The first funny experience on Big Corn was to try and confirm our return flights. They have a small fence around the airfield with a gate in it that gets closed whenever a plane is expected (only happens twice a day) - at all other times the gate is open and you can conveniently cross the runway to get to the shack on the other side which doubles as a "terminal". When Ian and I requested to fly back the next day, the lady behind the desk just passed us a sheet of paper with a list of names scribbled on it in pencil. All we had to do was add our names to the bottom of the list , and that apparently took care of our reservation. Easy does it.

The absolute highlight for me on Big Corn, however, was to watch the sunset from "South West Beach". The beach is about 1km long and 50m wide and absolutely deserted except for two small local restaurants. Both nights we sat at the end of a wooden pier, coconut rum in hand and watched the most stunning sunsets over the Caribbean sea with our feet dangling in the crystal clear water below. Evenings donŽt get much more romantic than that. To add to the absolute magic of it all we had a squid swim up to us on the first night, and a small sting ray come to visit on the second night. Both were just swimming peacefully around the pier (the squid constantly changing colour as it went along) and it was a humbling experience to be allowed to witness it.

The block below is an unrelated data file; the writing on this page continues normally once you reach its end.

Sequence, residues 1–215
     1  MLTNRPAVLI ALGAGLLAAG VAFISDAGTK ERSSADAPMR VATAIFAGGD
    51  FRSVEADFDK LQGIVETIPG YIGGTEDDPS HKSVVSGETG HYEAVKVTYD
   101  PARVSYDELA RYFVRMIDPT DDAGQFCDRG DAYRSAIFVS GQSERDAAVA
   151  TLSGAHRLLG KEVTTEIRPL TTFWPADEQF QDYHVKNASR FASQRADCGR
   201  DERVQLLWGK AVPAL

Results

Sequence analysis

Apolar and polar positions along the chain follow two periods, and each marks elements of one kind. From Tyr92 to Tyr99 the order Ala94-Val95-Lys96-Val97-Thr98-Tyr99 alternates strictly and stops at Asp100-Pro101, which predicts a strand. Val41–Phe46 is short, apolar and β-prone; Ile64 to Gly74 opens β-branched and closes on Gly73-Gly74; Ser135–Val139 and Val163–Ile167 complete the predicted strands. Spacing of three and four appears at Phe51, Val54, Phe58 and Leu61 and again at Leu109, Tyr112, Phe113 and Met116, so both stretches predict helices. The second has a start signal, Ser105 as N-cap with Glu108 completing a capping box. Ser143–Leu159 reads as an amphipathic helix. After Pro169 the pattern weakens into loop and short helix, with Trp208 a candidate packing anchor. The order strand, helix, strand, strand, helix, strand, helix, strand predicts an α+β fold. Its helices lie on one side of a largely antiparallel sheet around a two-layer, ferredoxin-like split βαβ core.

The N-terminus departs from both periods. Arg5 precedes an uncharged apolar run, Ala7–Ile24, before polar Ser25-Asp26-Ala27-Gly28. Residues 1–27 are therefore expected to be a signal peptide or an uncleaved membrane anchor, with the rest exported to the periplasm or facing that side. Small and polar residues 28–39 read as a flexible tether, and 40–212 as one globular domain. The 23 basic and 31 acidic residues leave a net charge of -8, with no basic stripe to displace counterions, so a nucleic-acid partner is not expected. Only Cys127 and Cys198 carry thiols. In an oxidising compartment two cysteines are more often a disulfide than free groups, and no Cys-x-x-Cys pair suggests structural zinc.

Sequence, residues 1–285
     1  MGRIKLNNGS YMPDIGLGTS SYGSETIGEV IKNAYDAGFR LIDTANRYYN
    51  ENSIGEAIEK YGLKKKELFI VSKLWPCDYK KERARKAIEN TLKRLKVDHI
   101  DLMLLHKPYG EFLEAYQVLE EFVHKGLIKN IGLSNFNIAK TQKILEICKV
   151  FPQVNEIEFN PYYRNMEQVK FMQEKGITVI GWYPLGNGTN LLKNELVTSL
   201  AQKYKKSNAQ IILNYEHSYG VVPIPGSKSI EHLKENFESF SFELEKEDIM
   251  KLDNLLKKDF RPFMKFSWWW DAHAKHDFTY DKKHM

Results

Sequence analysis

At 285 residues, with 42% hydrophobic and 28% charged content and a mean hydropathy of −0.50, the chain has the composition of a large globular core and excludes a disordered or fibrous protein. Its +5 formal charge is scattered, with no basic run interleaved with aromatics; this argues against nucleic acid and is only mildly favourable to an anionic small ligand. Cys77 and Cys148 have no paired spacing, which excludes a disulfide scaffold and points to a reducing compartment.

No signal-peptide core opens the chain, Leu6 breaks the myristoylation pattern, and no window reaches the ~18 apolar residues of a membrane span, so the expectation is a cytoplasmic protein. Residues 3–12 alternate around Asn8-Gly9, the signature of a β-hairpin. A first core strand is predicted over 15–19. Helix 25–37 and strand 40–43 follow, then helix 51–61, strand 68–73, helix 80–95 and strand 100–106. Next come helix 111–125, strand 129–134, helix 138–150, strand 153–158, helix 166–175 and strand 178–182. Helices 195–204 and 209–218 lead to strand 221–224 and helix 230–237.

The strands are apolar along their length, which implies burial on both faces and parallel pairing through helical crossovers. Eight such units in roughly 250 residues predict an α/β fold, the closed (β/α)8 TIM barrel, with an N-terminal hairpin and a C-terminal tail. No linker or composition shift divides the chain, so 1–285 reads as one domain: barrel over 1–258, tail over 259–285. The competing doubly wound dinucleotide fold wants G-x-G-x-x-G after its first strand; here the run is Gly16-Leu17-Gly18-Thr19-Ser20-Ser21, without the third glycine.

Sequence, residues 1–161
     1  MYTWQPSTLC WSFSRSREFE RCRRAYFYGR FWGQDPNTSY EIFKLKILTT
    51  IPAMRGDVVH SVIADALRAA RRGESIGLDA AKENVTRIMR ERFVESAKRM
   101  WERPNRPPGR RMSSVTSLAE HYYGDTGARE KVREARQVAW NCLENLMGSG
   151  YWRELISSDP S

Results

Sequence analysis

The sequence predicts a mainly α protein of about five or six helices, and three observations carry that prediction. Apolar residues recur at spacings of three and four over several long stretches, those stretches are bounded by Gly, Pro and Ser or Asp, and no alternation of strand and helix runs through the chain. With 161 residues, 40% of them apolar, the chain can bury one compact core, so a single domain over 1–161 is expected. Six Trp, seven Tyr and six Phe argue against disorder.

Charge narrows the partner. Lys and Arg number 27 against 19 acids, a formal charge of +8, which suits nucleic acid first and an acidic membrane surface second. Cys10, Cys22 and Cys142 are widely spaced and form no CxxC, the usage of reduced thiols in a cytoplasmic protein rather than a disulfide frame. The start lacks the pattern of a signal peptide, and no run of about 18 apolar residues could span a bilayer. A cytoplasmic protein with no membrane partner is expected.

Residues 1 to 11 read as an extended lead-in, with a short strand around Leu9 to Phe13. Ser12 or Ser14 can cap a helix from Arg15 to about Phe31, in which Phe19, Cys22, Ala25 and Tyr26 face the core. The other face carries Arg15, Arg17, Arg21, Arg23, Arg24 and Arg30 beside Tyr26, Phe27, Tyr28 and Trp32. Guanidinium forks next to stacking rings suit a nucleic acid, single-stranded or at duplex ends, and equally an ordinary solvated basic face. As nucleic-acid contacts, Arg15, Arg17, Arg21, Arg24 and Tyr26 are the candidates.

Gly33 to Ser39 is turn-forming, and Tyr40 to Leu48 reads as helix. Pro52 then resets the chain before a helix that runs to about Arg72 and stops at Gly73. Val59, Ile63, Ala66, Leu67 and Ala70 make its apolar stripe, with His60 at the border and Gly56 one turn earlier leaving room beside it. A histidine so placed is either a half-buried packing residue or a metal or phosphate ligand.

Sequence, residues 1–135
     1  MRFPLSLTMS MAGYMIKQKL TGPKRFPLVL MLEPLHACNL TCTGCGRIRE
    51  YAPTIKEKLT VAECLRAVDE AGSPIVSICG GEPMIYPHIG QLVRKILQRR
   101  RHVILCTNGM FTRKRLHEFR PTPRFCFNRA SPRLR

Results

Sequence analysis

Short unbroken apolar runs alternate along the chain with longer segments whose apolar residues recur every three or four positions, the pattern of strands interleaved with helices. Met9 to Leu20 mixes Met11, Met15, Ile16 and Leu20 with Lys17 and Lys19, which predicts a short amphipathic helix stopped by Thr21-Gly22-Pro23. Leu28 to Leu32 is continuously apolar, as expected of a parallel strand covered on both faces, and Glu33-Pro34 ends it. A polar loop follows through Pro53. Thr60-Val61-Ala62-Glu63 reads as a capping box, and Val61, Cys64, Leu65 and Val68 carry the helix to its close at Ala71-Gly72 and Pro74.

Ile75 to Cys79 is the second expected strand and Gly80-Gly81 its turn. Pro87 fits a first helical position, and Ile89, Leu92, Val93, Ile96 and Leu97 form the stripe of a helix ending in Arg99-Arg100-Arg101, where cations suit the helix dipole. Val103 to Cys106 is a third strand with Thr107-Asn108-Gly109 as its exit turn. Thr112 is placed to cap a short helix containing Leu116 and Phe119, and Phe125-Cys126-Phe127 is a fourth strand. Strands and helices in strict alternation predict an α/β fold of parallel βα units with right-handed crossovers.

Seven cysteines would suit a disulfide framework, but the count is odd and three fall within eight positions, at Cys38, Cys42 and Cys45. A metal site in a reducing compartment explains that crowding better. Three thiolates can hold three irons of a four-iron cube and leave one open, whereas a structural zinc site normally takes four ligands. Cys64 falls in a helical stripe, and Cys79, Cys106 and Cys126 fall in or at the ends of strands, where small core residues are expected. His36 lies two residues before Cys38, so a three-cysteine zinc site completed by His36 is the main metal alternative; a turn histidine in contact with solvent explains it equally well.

The Corn Islands are relatively expensive and difficult to get to, so the jungle and beaches are completely unspoilt. In my opinion these little gems should be removed from the guide books all together in order to keep it this way.

The trip must go on, and next stop was the vulcano island of Isla de Ometepe in the heart of Lake Nicaragua. Ian has more about that next.